Melatonin is the major secretory product of the pineal gland. As a potent antioxidant, melatonin and its metabolites directly scavenge a variety of free radicals [12], [13]. In addition, melatonin reduces free radical levels via stimulating the activities of antioxidative enzymes [15][20]. Melatonin has an anti-inflammatory effect. Several studies have demonstrated that melatonin alleviates lipopolysaccharide (LPS)-evoked inflammatory cytokines/chemokines [21][26]. According to a recent report, melatonin attenuates LPS-induced acute lung inflammation in sleep-deprived mice [27]. Moreover, two studies found that melatonin protected against BLM-induced pulmonary fibrosis [28][30]. Nevertheless, the exact mechanism remains obscure.

In the present study, we investigated the effects of melatonin on BLM-induced pulmonary ER stress and the UPR in mice. We also investigated whether melatonin alleviates the EMT in the process of BLM-induced lung fibrosis. We show that melatonin protects against BLM-induced lung fibrosis in mice. We demonstrate for the first time that melatonin inhibits pulmonary ER stress and EMT during BLM-induced lung fibrosis.

Materials and Methods

Chemicals and reagents

BLM and melatonin were from Sigma Chemical Co. (St. Louis, MO). XBP-1, α-SMA, GAPDH and phosphor-JNK antibodies were from Santa Cruz Biotechnologies (Santa Cruz, CA). GRP78, phosphor-IRE1α, ATF6, and phosphor-eIF2α antibodies were from Cell Signaling Technology (Beverley, MA). Chemiluminescence (ECL) detection kit was from Pierce Biotechnology (Rockford, IL). All other reagents were purchased from Sigma Chemical Co. (St. Louis, MO) if not otherwise stated.

Animals

Adult male CD-1 mice (8 week-old, 28–32 g) were purchased from Beijing Vital River whose foundation colonies were all introduced from Charles River Laboratories, Inc. The animals were allowed free access to food and water at all times and maintained on a 12-h light/dark cycle in a controlled temperature (20–25°C) and humidity (50±5%) environment. This study was approved by the Association of Laboratory AnimalSciences and the Center for Laboratory Animal Sciences at Anhui Medical University (Permit Number: 12-0046). All procedures on animals followed the guidelines for humane treatment set by the Association of Laboratory Animal Sciences and the Center for Laboratory Animal Sciences at Anhui Medical University.

Animal model and experimental treatments

For the induction of pulmonary fibrosis, mice were intratracheally injected with BLM (5.0 mg/kg body weight in 50 µL phosphate buffered saline). To investigate the effects of melatonin on BLM-induced pulmonary fibrosis, mice were intraperitoneally (i.p.) injected with melatonin (5 mg/kg) daily, beginning at 30 min before BLM. Melatonin was dissolved in 10% ethanol and further diluted in saline (0.09% NaCl w/v) to give a final concentration of 1% ethanol. Thus, control mice received an i.p. injection of 1% ethanol daily as a control for the melatonin injections. All mice were euthanized by exsanguination during pentobarbital anesthesia (75 mg/kg,i.p.) 21 days after BLM injection. Lungs were weighed and relative lung weights were calculated. Lung fibrosis was assessed by pulmonary hydroxyproline content as well as lung histology. Some lung samples were collected and kept at –80°C for subsequent immunoblots.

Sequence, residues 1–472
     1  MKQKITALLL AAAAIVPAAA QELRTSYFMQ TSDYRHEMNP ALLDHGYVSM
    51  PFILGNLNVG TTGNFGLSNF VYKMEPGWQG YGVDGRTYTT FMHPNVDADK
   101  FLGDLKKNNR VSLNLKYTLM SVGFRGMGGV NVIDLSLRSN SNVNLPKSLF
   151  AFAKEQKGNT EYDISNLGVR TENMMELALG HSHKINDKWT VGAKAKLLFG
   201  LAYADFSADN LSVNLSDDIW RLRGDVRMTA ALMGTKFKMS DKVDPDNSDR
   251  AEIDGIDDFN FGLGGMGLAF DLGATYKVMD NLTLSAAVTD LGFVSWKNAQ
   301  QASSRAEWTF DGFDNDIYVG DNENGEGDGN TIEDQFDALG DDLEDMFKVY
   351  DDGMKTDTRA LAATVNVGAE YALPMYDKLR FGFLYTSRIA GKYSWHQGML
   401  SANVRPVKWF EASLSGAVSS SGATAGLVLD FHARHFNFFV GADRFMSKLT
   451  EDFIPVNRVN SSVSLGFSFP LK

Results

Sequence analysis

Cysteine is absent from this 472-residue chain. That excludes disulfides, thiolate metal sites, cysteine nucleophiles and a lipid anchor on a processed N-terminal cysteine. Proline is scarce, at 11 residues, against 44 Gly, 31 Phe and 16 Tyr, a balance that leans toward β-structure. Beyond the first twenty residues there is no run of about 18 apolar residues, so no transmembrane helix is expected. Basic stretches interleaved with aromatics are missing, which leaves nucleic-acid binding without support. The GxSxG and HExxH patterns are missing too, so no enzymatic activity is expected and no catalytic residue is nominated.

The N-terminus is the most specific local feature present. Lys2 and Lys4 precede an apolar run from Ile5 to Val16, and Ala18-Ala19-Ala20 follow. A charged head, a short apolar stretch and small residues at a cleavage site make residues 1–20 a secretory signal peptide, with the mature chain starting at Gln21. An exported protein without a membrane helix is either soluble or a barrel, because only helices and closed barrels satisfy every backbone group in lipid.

Hydroxyproline assay

Pulmonary collagen content was determined by the measurement of hydroxyproline content. In brief, lung lobes were homogenized in 1 mL of phosphate buffered saline (PBS, pH = 7.4) and then hydrolyzed in 1 mL of 6 N hydrochloric acid for 16 hours at 110°C, and neutralized to pH 7.0 with NaOH. Chloramines T reagent (1 mL of 0.5 mol/L) was then added and the samples were left at room temperature for 20 minutes. Then 20% p-Dimethylaminobenzaldehyde solution (dissolved in 3.15 N perchloric acid) was added to each sample, and the mixture was incubated at 60°C for 15 minutes. Absorbance was measured at 550 nm. Pulmonary hydroxyproline content was expressed as mg/lung.

Pulmonary histology

Lung tissues were fixed in 4% formalin and embedded in paraffin according to the standard procedure. Paraffin-embedded lung tissues were serially sectioned. At least five consecutive longitudinal sections were stained with hematoxylin and eosin (H&E) and scored for the extent of pathology on a scale of 0 to 5, where 0 was defined as no lung abnormality, and 1, 2, 3, 4, and 5 were defined as the presence of inflammation involving 10%, 10–30%, 30–50%, 50–80%, or >80% of the lungs, respectively. Lung fibrosis was evaluated by Sirius red staining for collagen accumulation. The percentages of collagen deposition areas were quantified using NIH ImageJ software (http://rsb.info.nih.gov/ij/).

Immunoblots